UBS Counts on Russia Revival Even Without Trump-Putin Thaw

  • Swiss group says it’s getting better at dealing with sanctions
  • U.S. election, rising oil prices are boosting Russian assets

UBS Group AG, which has investment-banking and wealth-management units in Russia, says it’s getting more comfortable doing deals in the sanctioned state and will be even more positive on the country if there’s a rapprochement between presidents Vladimir Putin and Donald Trump.

“When sanctions were first introduced, we were a little more restrictive, but now we have more experience in how sanctions work so we can be a bit more open,” Hendrik Geldenhuys, head of central and eastern Europe at UBS Wealth Management, said in an interview in Moscow. “If the new U.S. administration moves to normalize or improve relations with Russia, that’s something we’d obviously welcome. But it’s still early days.”

Trump’s election victory sparked gains in everything from Russian stocks to the ruble amid speculation the new government would improve relations with its Moscow counterpart. This, along with a 20 percent rally in oil following OPEC’s agreement to restrict supply in November, fueled a revival in Russian bond and equity deals.

UBS was involved in a lot of them, including United Co. Rusal’s dollar bond offering last month, oil producer Rosneft PJSC’s sale of a stake in an Italian refinery and state-owned gas giant Gazprom PJSC’s Swiss franc bond issue in November.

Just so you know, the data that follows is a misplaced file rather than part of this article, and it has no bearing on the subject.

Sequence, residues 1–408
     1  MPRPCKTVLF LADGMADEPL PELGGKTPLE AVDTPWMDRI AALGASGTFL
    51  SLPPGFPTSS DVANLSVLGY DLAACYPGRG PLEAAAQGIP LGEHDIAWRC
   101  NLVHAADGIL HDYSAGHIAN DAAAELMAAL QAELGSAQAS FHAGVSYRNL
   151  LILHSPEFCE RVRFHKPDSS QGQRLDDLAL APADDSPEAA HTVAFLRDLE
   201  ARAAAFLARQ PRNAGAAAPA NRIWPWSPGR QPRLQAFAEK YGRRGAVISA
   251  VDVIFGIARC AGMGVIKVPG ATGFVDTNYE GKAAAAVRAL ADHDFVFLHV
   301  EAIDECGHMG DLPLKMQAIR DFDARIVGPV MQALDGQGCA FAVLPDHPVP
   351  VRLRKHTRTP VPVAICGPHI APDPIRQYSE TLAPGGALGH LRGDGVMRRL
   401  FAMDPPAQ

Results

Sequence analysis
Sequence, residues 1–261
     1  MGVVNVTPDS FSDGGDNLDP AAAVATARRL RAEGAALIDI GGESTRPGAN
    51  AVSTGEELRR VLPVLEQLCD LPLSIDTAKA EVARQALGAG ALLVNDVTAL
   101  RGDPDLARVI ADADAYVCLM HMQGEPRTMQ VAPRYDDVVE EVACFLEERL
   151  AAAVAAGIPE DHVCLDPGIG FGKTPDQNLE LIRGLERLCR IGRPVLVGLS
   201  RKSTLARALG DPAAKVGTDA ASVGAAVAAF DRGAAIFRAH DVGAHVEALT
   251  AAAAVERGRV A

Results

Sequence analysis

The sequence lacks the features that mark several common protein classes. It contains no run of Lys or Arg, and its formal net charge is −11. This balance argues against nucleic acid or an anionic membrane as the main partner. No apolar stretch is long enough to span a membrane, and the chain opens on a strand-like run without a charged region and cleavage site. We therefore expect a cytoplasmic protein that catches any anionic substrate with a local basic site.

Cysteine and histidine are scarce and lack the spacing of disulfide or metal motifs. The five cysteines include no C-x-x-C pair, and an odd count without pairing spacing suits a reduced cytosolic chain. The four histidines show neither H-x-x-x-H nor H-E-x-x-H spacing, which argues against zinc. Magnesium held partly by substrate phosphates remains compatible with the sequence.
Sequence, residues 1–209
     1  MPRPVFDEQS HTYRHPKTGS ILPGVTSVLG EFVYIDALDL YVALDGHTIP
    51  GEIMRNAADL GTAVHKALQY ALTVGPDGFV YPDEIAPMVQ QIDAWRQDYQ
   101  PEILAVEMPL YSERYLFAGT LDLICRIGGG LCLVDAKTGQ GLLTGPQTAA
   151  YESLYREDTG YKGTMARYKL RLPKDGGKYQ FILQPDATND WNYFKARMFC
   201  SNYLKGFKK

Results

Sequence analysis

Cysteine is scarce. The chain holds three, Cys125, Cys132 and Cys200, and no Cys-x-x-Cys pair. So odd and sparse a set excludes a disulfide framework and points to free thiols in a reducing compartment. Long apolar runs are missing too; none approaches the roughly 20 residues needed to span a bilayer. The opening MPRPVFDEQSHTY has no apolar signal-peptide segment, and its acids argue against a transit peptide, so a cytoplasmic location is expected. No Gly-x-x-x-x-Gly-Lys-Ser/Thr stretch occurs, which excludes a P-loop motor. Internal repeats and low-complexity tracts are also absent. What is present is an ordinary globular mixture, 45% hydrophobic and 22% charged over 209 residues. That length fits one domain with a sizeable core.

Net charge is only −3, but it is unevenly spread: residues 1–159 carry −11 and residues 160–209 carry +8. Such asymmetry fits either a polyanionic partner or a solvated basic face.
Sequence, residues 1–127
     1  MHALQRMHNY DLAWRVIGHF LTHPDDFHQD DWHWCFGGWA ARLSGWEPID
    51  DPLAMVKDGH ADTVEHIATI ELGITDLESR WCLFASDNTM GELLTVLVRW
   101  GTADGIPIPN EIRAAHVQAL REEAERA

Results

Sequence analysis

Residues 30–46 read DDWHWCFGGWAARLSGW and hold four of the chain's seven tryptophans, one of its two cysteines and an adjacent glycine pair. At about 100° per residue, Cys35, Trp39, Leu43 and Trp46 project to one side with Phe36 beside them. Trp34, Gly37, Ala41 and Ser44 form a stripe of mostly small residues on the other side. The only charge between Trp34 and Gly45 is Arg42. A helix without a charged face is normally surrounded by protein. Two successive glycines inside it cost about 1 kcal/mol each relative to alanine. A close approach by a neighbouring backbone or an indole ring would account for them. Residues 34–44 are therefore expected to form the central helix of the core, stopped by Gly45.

UBS maintained its presence in Russia as a recession and a slowdown in deal activity over the past two years prompted competitors from Credit Suisse Group AG to Deutsche Bank AG to cut back operations. The group hasn’t factored an easing of Russian sanctions into its business plan for 2017, but sees a pullback in the restrictions as a potential “cherry on top” of higher oil prices and a recovering economy.

The Swiss firm has been expanding its local wealth-management team led by Ilya Solarev and, according to Geldenhuys, more rich Russian clients are seeking advice about their assets in Moscow. The challenge right now, he says, is getting these customers to exit their cash holdings and diversify their investments.

“Clients can always choose to invest in Russian asset classes through us, but our competence is in global markets,” Geldenhuys said. “Clients are getting out of cash but there’s still a long way to go.”

UBS Wealth Management has a rule against having Russian clients who are state officials because the Russian law prevents government officials from holding assets abroad, Geldenhuys said.

“It’s a reputational risk policy decision we made,” he said.

The UBS trading business in Moscow is an equity and foreign currency-focused sales desk and brokerage, and there’s "no plans" at the moment to expand its fixed-income trading because those transactions can be done via other UBS offices, according to Geldenhuys.

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